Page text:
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Apr 21, 2017

4.19: future perfect; judicial decisions; tech sanctuaries


updates and ideas from the D&S community and beyond

JOBS: Fellowship Manager (Part-Time, Open Until Filled)

Do you have deep experience in program design and management, community-building, and mentorship? Apply now!

Around the Institute

Call for Applications: “Future Perfect” Conference

On June 16, 2017, Data & Society’s Speculative Fiction Reading Group will host Future Perfect, a conference exploring the use, significance, and discontents of speculative design, narrative, and world-building in technology, policy, and culture.

Apply by May 12! Guidelines for submissions can be found here.

Machine learning is being used to uncover the mass graves of Mexico’s missing

“If the [Human Rights Data Analysis Group] model works as well as they hope, it will be a powerful application of an emerging technology that provides answers to one of the most difficult aspects of the desaparecidos problem: knowing where to look.”—Mimi Onuoha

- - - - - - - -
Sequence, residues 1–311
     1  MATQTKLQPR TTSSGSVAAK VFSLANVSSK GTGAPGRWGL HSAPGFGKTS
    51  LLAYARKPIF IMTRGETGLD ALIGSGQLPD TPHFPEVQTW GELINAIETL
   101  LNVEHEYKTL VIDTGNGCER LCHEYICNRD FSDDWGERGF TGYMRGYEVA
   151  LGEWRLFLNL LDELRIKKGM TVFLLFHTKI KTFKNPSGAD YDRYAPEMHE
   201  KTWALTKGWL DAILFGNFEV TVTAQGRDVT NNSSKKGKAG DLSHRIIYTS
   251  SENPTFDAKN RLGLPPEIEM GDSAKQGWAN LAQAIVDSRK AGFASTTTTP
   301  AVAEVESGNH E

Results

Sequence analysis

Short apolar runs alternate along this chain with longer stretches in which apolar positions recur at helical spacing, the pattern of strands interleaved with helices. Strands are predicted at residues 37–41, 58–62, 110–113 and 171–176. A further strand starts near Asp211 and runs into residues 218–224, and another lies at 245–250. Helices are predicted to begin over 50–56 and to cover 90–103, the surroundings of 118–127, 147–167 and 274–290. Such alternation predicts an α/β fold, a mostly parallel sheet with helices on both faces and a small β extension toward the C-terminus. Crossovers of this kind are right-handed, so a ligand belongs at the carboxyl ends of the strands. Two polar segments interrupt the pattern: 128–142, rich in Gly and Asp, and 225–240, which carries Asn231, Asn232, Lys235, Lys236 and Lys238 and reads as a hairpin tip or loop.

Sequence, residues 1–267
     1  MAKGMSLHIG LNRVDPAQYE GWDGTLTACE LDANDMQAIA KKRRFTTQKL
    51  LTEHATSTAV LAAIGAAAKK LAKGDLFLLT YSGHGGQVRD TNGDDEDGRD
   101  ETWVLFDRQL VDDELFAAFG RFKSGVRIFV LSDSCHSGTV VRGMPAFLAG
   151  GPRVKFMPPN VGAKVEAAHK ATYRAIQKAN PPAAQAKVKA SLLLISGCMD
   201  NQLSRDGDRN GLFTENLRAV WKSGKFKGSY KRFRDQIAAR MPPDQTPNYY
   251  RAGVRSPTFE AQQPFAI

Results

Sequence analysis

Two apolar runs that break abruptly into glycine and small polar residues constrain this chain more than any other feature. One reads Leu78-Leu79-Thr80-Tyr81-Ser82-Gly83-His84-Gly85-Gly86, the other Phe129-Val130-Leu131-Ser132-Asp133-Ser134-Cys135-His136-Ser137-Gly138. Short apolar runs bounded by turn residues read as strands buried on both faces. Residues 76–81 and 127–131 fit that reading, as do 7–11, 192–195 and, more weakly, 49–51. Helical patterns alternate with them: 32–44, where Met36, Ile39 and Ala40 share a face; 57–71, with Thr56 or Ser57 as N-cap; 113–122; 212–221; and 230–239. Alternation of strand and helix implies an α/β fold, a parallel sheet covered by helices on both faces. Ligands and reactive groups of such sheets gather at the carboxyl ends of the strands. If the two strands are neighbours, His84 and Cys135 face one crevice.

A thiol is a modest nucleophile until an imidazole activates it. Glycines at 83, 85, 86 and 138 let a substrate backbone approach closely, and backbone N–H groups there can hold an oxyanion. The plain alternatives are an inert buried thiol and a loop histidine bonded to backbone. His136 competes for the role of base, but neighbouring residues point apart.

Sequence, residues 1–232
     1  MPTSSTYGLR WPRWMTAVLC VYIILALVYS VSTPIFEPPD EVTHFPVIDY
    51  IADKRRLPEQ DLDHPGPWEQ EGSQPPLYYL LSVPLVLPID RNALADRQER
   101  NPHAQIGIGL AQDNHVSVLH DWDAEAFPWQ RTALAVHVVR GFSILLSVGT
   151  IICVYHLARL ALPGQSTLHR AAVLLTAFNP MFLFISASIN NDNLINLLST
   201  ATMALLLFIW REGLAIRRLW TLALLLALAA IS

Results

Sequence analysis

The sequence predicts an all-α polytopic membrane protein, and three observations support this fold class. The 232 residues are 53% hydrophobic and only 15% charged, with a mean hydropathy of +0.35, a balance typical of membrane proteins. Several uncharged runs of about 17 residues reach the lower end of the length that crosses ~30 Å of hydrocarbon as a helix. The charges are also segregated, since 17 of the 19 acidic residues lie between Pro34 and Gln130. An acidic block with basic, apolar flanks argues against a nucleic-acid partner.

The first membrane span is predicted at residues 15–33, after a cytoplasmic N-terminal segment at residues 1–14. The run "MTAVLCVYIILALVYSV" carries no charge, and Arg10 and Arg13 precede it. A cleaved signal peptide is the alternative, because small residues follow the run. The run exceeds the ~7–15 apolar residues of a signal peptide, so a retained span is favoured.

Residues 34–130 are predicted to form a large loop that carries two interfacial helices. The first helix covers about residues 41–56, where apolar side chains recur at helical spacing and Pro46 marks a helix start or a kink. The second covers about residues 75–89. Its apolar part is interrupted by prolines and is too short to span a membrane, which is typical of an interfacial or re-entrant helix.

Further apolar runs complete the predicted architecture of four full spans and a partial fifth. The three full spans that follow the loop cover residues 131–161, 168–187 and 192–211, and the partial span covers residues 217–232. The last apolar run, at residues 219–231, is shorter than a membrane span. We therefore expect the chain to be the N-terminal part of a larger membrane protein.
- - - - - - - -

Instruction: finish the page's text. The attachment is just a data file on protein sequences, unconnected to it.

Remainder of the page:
Creating Simple Rules for Complex Decisions 

“Replicating our analysis [of judicial decisions] in 22 varied domains, we found that this phenomenon holds: Simple, transparent decision rules often perform on par with complex, opaque machine learning methods.”—Jongbin Jung, Connor Concannon, Ravi Shroff, Sharad Goel, Daniel G. Goldstein

Is it Time for a Tech Sanctuary Movement?

“One big question animated the conversation: What, practically, can Tech do to protect vulnerable communities?” —Catherine Bracy

Around the Around

New Technology Is Built on a ‘Stack.’ Is That the Best Way to Understand Everything Else, Too?

“But if tech start-ups continue to broaden their ambitions and challenge new industries — if, as the venture-capital firm Andreessen-Horowitz likes to say, ‘software is eating the world’ — then the logic of the stack can’t be trailing far behind, ready to remake more and more of our economy and our culture in its image.” —John Herrman

How (Not) to Talk about AI

“The language of software or tools, on the other hand, is perhaps a better descriptor of the technology itself but Silicon Valley has made it into a politically neutral term; a term that emphasizes the autonomy and creativity of individuals while downplaying the powerful capitalist logics underneath.” —Shreeharsh Kelkar